Refugees Ethiopia

Rising Numbers Flee Ethiopia as Internal Conflict Persists

Tigray men sit atop a hill overlooking part of the Umm Rakouba refugee camp, hosting people who fled the conflict in the Tigray region of Ethiopia, in Qadarif, eastern Sudan. (AP Photo/Nariman El-Mofty)

The fighting between the government of Ethiopian Prime Minister Abiy Ahmed and the Tigray People’s Liberation Front (TPLF)—an armed group and political party with control over the northern region of Tigray—has already claimed many lives and led to a major new displacement flow in the East Africa region. Estimates of the number of displaced people have been rising over the past few weeks, with current numbers indicating more than 50,000 people have fled Tigray for Sudan—a country itself in the midst of several political transitions. This is on top of the thousands that have been killed, according to United Nations and local government estimates.

As the conflict continues in Ethiopia, the UN Refugee Agency has called the situation a “full-scale humanitarian crisis.” Refugees seeking shelter threaten to overwhelm the refugee infrastructure in Sudan. Meanwhile, the Tigray region itself is already home to 96,000 refugees from Eritrea and 100,000 internally displaced people (IDPs). Ethiopians seeking shelter from violence in neighboring countries, and Eritrean refugees in Ethiopia moving in order to escape targeted attacks, have created double displacement flows that risk threatening regional stability.

Humanitarian Situation

The movement of new Ethiopian refugees and Eritreans already in Ethiopia into neighboring Sudan, as well as the targeted violence being faced by specific groups of displaced people (namely Eritrean refugees), has raised a number of immediate humanitarian concerns. While Sudan’s eastern border remains open to refugees arriving from Ethiopia, existing refugee camp infrastructure is inadequate for the impending need. New refugee camps are being planned, some further into Sudan than the existing camps along Sudan’s eastern border (one camp is planned for outside of Tenedba, Sudan). Between November 4 and December 17, Hamdeyat camp has taken in 35,762 new arrivals, al-Luqdi has taken in 12,602, and nearly 10,000 refugees have been transferred to the new camp of Um Rakuba from border crossings. Furthermore, refugees are arriving in remote areas of Sudan that lack the suitable infrastructure to support thousands of new arrivals.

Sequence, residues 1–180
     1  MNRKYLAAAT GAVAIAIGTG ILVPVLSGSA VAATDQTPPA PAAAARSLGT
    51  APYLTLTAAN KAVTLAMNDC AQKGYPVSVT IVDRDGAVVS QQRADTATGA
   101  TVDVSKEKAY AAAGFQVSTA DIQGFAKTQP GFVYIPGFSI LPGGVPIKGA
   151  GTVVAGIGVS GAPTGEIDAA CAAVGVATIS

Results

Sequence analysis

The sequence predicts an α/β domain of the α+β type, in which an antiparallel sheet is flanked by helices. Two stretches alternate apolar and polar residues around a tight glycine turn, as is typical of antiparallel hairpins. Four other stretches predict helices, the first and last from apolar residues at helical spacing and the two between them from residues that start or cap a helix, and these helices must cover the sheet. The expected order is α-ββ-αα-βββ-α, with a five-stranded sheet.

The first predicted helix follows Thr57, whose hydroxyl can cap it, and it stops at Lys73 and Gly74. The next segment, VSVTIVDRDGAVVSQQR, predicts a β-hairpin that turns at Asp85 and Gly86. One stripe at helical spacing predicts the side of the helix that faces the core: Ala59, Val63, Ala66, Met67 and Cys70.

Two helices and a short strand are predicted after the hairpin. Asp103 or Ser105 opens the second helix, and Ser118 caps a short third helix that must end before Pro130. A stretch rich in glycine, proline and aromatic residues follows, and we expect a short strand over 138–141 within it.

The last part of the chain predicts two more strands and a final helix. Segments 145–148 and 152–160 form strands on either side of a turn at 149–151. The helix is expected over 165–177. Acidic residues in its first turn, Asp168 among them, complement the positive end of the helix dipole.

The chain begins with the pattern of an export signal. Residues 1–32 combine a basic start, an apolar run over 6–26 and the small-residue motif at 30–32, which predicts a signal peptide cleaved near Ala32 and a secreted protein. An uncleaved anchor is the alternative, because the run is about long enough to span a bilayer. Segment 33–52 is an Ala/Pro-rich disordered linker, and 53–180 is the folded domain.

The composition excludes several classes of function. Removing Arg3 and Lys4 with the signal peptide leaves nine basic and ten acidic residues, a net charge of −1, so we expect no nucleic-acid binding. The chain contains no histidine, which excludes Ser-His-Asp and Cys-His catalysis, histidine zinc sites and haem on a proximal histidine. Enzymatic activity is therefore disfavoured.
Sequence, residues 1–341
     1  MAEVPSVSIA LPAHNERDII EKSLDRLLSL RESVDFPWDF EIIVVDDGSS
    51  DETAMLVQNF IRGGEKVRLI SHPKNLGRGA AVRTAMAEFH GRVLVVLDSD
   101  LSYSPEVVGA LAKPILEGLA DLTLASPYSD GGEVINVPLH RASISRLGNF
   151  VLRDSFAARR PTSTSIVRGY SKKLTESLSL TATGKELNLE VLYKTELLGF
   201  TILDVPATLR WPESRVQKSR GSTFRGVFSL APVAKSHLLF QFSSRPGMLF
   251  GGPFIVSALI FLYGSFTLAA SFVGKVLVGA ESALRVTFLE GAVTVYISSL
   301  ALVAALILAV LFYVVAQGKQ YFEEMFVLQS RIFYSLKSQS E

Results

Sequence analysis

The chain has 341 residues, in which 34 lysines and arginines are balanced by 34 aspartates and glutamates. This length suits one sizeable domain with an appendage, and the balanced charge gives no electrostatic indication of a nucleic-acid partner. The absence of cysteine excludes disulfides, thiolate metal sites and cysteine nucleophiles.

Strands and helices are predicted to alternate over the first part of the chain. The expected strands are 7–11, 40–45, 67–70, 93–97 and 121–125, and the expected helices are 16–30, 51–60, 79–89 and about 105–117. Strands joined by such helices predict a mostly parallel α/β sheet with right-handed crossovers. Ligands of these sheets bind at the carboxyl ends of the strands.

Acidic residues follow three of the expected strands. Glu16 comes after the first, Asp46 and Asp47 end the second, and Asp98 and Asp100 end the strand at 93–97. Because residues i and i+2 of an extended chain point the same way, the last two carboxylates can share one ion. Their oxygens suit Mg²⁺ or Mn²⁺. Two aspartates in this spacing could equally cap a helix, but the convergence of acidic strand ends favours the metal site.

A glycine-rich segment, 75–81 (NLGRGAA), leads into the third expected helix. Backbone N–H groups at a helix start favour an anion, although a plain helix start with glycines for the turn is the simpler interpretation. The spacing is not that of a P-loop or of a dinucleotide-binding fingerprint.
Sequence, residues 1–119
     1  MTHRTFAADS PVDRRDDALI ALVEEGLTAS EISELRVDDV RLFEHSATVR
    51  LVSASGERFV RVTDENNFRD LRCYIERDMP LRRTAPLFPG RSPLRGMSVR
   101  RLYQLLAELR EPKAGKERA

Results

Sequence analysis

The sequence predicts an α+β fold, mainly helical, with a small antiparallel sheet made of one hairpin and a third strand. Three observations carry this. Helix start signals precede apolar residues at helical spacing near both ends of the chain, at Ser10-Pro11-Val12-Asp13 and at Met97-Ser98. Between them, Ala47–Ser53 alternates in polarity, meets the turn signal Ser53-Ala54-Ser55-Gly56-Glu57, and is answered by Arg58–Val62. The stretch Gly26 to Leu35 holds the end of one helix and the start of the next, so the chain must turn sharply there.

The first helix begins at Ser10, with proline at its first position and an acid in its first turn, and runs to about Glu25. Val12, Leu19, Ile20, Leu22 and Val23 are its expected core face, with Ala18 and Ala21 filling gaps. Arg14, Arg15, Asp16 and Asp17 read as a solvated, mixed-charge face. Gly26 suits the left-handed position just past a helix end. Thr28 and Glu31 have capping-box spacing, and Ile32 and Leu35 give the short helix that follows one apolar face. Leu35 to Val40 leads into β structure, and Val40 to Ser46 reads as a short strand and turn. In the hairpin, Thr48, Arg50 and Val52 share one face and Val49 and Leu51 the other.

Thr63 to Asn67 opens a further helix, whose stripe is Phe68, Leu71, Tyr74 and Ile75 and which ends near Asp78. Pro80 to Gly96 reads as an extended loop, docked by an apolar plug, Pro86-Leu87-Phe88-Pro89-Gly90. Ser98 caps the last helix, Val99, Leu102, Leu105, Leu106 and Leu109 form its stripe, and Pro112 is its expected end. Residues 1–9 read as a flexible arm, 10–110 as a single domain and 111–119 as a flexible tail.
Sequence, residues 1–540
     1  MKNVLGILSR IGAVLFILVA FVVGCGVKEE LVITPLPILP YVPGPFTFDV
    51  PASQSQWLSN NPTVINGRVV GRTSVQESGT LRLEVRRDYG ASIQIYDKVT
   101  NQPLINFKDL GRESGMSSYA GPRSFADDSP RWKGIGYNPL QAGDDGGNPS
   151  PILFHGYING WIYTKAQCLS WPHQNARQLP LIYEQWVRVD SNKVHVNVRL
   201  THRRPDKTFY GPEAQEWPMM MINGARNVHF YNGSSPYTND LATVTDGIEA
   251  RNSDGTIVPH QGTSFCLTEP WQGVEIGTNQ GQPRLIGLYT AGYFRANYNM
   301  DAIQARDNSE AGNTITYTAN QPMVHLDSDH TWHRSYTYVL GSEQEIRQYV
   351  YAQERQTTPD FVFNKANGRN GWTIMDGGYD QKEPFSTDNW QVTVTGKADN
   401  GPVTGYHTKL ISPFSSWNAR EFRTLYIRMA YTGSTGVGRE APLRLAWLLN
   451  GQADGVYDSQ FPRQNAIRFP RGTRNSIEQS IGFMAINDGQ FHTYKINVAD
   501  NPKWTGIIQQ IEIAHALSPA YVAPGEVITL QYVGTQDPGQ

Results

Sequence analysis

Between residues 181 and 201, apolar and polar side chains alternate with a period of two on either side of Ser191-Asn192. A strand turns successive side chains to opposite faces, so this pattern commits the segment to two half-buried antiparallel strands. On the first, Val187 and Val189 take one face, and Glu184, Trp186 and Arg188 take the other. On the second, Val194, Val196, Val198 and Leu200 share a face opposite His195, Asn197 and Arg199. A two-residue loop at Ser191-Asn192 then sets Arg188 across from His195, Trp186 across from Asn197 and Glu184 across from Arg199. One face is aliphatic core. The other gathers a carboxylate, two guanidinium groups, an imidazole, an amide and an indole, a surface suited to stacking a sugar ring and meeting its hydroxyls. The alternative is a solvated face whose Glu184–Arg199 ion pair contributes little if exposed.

The violence in Ethiopia is also having a particular effect on Eritrean refugees in the country. The nearly 100,000 Eritrean refugees in Tigray fled political persecution in Eritrea and are now reportedly facing attacks and abductions in their refugee camps. Reports of mistreatment of Eritrean refugees have been compounding since mid-November, gaining particular attention on December 11, when Filippo Grandi, UN High Commissioner for Refugees, issued a statement that UNHCR and has “had no access to the four Eritrean refugee camps inside Tigray, putting the safety and survival of the refugees at great risk.”

Other aid agencies have also not had access to the four main refugee camps (Adi Harush, Hitsats, Shimelba, and Mai-Ayni). The humanitarian situation in Tigray is dire, with reports of targeted killings, abduction, and forcible returns to Eritrea. Grandi’s remarks emphasize the need for Eritrean refugees to move to safe locations and receive protection “wherever possible, including outside of Tigray, given the traumatic events they report to have witnessed or survived.”

The situation in Tigray is also exacerbating existing vulnerabilities. The Red Sea crossing that leads into Yemen is the world’s busiest migration route and also one of the most dangerous. For those displaced people attempting to make the long journey, smugglers, kidnapping, and abuse are rife in Yemen. While pandemic border closings slowed migration into Yemen in 2020, aid organizations believe the conflict in Tigray will lead to a major new wave.

Those most vulnerable to deprivation are also facing worsened conditions due to the coronavirus pandemic. The UN Emergency Relief Coordinator, Mark Lowcock, said that since the start of the violence “the civilian toll is mounting. Women and children arrive in Sudan with disturbing stories of violence, deprivation and abuse. Many have not made it out.”

Increasing movement across borders, as well as interactions between large groups of civilians, have raised public health concerns in the region. The UN’s Central Emergency Response Fund (CERF) has sent $13 million dollars in emergency funds to people in Ethiopia, while $5 million has been released to refugees newly arrived in Sudan. Still, these measures provide only temporary relief in a conflict that will require serious political solutions.

Regional Response